Spencer believes that the Mexican government played an important role in the legal quashing of a 1995 California voter initiative, Proposition 187, that limited taxpayer funds to services for citizens only. After a visit with California Gov. Gray Davis in 1999, former Mexican President Zedillo told reporters that he had a commitment from Davis to ensure that "the catastrophic effects which were foreseen with Proposition 187 several years ago will not come to pass."
Among other signs of Mexican influence on U.S. affairs, Spencer notes that less than two years ago, West Los Angeles businessman Eddie Varon Levy became the first person living abroad to join the Mexican Congress. Varon Levy said one of his goals as a member of the Chamber of Deputies was to establish a special attorney's office to defend immigrants' rights.
The U.S. has tripled its border patrol budget over the past five years, but the flow of immigrants has barely changed. At the same time, Mexican President Vicente Fox has pressed for an eventual erasure of the southern border and encouraged Mexicans who seek work in the U.S.
At a speech one year ago at a border post in Nogales, just south of the Arizona border, Fox said: "We want to salute these heroes, these kids leaving their homes, their communities, leaving with tears in their eyes, saying goodbye to their families, to set out on a difficult, sometimes painful search for a job, an opportunity they can't find at home, their community or their own country."
Under the Fox regime, Mexico has an Office for Mexicans Abroad that provides survival kits for Mexicans who seek to enter the U.S. illegally.
Some immigration watchdogs in the U.S. believe, however, that all this does not add up to a desire by the Mexican government to retake the Southwest. Ira Mehlman, spokesman for the Los Angeles office of the Federation for American Immigration Reform, believes statements by Zedillo and Fox indicate "they are looking for some way to gain leverage with regard to American policy."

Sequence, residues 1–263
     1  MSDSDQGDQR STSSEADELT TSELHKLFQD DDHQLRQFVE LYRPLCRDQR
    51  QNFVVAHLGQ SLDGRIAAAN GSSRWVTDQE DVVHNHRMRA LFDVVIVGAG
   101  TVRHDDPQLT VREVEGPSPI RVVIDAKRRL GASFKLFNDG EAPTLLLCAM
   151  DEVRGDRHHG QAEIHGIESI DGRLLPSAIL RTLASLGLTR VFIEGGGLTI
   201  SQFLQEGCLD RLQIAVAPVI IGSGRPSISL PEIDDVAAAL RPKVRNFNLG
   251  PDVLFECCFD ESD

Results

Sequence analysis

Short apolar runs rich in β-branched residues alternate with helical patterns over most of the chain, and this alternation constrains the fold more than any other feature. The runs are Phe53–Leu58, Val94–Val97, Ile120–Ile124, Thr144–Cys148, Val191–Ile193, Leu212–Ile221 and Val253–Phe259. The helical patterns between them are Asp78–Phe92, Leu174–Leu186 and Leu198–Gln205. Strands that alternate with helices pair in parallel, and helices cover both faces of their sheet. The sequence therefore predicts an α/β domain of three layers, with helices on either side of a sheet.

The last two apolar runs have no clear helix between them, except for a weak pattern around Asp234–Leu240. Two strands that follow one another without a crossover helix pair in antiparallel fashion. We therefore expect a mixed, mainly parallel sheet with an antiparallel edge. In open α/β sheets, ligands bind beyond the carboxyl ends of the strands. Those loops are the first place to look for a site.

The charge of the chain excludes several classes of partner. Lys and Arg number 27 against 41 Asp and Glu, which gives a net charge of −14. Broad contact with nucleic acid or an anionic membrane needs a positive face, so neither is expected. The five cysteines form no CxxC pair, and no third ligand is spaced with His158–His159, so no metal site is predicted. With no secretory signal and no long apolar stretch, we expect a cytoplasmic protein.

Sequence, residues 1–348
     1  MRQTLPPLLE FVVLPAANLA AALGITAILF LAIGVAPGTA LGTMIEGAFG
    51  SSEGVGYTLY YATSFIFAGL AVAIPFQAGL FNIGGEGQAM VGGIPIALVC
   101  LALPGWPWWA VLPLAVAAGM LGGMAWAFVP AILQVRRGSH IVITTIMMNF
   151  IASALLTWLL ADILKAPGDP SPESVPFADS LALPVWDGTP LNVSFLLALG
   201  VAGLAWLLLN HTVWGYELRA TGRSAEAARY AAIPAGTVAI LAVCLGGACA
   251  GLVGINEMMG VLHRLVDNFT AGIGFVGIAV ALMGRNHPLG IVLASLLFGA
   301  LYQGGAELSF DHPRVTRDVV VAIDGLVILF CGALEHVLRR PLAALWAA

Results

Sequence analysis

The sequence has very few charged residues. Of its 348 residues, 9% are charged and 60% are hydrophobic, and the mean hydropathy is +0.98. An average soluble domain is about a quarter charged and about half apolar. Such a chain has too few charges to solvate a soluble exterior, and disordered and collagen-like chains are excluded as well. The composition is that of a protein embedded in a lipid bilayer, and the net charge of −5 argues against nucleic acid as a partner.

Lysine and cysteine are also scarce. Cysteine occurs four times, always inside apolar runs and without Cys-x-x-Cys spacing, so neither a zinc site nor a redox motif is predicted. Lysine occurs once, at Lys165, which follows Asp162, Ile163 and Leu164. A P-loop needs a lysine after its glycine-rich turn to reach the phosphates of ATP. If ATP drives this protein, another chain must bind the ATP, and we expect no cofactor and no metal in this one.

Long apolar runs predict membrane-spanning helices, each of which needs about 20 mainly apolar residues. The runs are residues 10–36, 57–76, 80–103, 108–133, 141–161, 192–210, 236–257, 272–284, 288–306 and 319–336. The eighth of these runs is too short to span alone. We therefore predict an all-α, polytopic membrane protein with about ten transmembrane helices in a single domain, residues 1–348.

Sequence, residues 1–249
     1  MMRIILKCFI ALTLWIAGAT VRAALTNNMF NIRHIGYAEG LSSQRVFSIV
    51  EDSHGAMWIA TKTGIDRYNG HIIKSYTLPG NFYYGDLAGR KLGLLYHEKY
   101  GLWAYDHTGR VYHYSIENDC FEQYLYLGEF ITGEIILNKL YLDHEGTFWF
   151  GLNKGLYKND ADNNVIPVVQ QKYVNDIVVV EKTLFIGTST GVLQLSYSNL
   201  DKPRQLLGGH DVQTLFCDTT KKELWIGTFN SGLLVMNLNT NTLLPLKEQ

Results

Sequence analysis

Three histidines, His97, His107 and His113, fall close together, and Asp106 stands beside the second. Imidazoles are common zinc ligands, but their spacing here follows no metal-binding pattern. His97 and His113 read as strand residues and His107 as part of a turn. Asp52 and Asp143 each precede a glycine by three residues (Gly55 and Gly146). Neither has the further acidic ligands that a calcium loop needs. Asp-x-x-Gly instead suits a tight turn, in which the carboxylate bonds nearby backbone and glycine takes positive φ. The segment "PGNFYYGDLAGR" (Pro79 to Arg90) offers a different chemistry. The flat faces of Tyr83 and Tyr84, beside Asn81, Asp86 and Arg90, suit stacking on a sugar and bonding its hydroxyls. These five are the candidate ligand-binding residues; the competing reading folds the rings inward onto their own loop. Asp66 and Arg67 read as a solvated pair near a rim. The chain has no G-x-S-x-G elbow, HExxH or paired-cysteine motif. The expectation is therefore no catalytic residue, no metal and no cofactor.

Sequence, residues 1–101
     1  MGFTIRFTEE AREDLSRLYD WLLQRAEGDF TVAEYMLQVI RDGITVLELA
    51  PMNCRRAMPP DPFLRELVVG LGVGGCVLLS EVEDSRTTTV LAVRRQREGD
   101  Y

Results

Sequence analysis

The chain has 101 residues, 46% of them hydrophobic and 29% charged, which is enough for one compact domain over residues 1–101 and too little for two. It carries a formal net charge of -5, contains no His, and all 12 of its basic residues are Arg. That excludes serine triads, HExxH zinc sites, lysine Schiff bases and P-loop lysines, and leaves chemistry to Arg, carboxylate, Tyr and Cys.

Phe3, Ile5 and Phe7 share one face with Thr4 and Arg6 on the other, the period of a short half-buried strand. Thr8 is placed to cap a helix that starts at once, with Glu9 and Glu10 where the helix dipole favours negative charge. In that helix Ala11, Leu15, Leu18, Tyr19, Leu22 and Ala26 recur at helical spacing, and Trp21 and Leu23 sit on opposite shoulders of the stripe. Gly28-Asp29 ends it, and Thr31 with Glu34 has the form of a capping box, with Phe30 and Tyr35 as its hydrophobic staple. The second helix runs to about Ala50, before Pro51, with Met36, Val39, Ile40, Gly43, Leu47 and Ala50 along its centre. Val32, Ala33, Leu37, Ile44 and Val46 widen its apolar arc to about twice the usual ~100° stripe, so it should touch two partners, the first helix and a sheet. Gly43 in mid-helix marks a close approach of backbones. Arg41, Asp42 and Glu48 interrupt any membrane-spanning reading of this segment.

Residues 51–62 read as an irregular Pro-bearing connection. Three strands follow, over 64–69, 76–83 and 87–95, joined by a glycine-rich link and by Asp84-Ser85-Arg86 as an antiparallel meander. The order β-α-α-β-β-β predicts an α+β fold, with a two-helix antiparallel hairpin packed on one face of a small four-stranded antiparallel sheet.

"They want to create one market where they will be able to send workers here without any restrictions, because it's in their interest to do so," Mehlman said.
The incentive to cross the U.S. border is high. The average illegal worker can make about $60 a day in the U.S. compared to about $5 a day in Mexico.
Immigration hurts both countries
But Allan Wall, an American married to a Mexican and a resident south of the border for 10 years, maintains that immigration is not helping Mexico. "I see it having many bad effects where I live," said Wall, Mexico correspondent for Project U.S.A., an immigration reform group in New York. "It's kind of like welfare; it encourages people to use the U.S. as a safety (net) rather than solve the problems in Mexico."
On the U.S. side of the border, Mexican migrant workers are viewed by many lawmakers and officials as an economic boon. Federal Reserve Chairman Alan Greenspan has said that the illegal workers increasingly play an essential "anti-inflationary" role in the U.S. economy.
But Spencer argues that the most recent census confirms that the immigration tide is "importing poverty." Wall agrees that the influx is precipitating a demographic meltdown that could lead to a fracturing of the country. "The United States needs to drastically reduce immigration and go back to an assimilation model, where immigrants learn English and become American; otherwise it will be a disaster," Wall said.
Studies indicate most Americans believe immigration policy is not serving their interests, Mehlman said. "They're upset about it, but still haven't been upset enough to demand that the government change its policies."
Mehlman explained that the impact on the average citizen is not easy to assess. "Even though they are aware that this is not necessarily beneficial, it's hard to convince someone of how much it is costing in social costs, how much it might be costing in lost wages."
Polls show that most Americans want something done about immigration, said Spencer, but are afraid to speak out because they don't want to be labeled as racist, or anti-immigrant. "That's the weapon the other side uses against us," said Spencer, who served among Native Americans for many years. "It is very effective, and they know it, and so they use it at every opportunity."
Wall believes that the "whole discourse on immigration" must be changed. "We have to distinguish between being anti-immigrant and anti-immigration," he said. "Like any other public policy issue, it should be debated. Unfortunately the mainstream press is only giving us one side of the immigration issue."